Suicide numbers rose 10% in 2018, still leading cause of death for youths: SOS

The latest statistics brought the number of deaths by suicide to 8.36 per 100,000 Singapore residents, an increase from 7.74 in 2017, said SOS. (PHOTO: Getty Creative)

SINGAPORE – There were 397 reported suicides here in 2018, a 10 per cent rise from the year before, said the Samaritans of Singapore (SOS) in a media release on Monday (29 July).

“All age groups registered an increase in the number of suicides last year, with the exception of those aged 60 years and above,” said the secular, non-profit suicide prevention centre.

The group added that the latest statistics brought the number of deaths by suicide to 8.36 per 100,000 Singapore residents, an increase from 7.74 in 2017.

Suicides among male teens hits new peak

SOS also noted that suicide remains the leading cause of death of youths aged 10 to 29, with 94 youths having ended their own lives last year. “For every 10 youths who died from external causes, about six were a result of suicide,” said the group.

Last year also saw the highest number of suicides among male teenagers – defined as those aged 10 to 19 – since 1991, with 19 deaths reported. This represents a 170 per cent increase from the seven deaths in 2017.

For its last fiscal year ending in March, SOS said it had seen the number of youths writing into its Email Befriending service rise by over 56 per cent.

“Youths today seem to have greater awareness of the moments when they feel alone and helpless. They are more willing to reach out and explore available support avenues like our support services, social media and their peers,” said Wong Lai Chun, SOS’ senior assistant director.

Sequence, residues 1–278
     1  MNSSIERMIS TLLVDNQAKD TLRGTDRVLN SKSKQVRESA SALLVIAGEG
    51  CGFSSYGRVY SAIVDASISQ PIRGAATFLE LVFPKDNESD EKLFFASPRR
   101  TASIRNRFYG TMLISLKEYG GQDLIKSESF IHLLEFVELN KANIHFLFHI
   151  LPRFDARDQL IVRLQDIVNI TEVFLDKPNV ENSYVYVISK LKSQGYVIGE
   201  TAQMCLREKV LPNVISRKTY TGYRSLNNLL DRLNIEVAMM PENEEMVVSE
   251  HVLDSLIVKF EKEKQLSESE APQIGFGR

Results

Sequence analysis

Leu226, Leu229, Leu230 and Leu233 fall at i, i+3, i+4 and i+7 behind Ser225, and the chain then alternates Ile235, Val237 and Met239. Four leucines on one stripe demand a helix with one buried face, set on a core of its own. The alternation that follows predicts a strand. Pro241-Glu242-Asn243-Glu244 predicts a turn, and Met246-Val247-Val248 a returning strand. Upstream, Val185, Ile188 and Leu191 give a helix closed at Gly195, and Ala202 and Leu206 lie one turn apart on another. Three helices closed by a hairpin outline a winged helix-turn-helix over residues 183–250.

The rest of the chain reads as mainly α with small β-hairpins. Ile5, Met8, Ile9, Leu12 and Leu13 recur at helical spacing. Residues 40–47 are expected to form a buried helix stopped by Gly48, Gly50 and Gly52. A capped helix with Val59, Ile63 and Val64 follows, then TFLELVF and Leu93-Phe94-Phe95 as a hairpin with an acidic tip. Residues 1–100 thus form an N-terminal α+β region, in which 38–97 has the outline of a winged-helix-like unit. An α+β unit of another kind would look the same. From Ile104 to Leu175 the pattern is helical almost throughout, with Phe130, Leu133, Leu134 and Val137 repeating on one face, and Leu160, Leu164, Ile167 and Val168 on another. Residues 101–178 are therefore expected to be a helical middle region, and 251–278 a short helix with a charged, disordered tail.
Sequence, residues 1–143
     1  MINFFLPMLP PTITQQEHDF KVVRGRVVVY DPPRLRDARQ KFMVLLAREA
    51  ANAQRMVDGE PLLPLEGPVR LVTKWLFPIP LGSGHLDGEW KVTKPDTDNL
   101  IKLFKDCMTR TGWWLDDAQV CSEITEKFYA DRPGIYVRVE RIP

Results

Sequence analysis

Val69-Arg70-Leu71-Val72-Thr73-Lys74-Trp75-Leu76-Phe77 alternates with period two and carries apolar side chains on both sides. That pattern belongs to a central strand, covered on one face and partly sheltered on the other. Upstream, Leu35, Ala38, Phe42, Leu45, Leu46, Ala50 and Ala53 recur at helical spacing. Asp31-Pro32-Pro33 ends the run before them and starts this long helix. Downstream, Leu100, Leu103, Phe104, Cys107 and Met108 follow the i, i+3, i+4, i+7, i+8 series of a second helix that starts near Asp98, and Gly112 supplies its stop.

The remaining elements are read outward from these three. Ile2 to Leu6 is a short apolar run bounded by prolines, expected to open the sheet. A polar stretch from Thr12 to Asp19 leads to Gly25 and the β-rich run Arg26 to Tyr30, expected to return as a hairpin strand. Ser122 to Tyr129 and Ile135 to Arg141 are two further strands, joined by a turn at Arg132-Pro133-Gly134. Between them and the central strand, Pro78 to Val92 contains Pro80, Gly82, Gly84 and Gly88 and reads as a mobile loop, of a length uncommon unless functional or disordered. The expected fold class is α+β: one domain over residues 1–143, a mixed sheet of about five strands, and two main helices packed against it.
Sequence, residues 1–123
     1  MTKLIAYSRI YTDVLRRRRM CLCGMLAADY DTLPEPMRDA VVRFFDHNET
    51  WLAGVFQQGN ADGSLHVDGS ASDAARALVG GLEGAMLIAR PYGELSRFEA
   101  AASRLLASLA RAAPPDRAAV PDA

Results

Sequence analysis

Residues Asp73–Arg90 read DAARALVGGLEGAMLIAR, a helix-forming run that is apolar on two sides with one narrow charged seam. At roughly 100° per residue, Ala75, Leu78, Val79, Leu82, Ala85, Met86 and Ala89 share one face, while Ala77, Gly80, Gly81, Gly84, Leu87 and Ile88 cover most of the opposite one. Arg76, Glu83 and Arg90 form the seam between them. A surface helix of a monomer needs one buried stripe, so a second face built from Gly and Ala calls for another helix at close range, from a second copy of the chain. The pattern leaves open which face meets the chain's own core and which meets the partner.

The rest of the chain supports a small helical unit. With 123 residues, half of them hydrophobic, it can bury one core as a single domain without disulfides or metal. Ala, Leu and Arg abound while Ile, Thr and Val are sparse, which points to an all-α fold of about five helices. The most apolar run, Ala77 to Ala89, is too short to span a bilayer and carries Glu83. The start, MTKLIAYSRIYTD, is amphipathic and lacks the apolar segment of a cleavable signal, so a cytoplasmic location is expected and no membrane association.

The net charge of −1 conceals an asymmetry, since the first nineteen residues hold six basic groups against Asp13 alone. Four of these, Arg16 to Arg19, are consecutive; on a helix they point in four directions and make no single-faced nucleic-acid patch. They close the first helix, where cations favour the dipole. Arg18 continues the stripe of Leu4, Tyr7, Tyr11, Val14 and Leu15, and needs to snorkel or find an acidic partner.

“Even so, it is disconcerting to know that many of our young feel unsupported through their darkest periods and see suicide as the only choice to end their pain and struggles”.

SOS also expressed concern that male teenagers made up only 30 per cent of incoming calls to its hotline and about 27 per cent of Email Befriending clients. The group suggested that “societal stereotypes” – such as the demands on men to be “tough” – could be one of the factors preventing male teenagers from seeking help.

In recent years, SOS has partnered with student-led initiatives to focus on mental health awareness and suicide prevention within schools. The group also trains selected students to identify signs of distress among their peers as well as how to approach affected individuals and refer them for help.

7 in 10 suicides are by men

SOS also noted that in 2018, at least seven out of every 10 suicides were committed by men.

“We live in a society that stresses the importance of masculine qualities as a measure of success. As a result, we grow impatient toward behaviours that seem to depict weakness,” said Wong.

She added that men are typically expected to be “tough, stoic and financially stable” and that any “hint of vulnerability” among them could be perceived as an “imperfection”.

Calling for a change in such attitudes, Wong said, “Men and women alike need to know that it is okay to be less than perfect and we need to educate the public to understand that a supportive and encouraging environment is far more beneficial than a judgemental one for our society.”

If you have thoughts of suicide or are feeling distressed, you can call SOS' 24-hour hotline at 1800 221 4444. You can also email pat@sos.org.sg.

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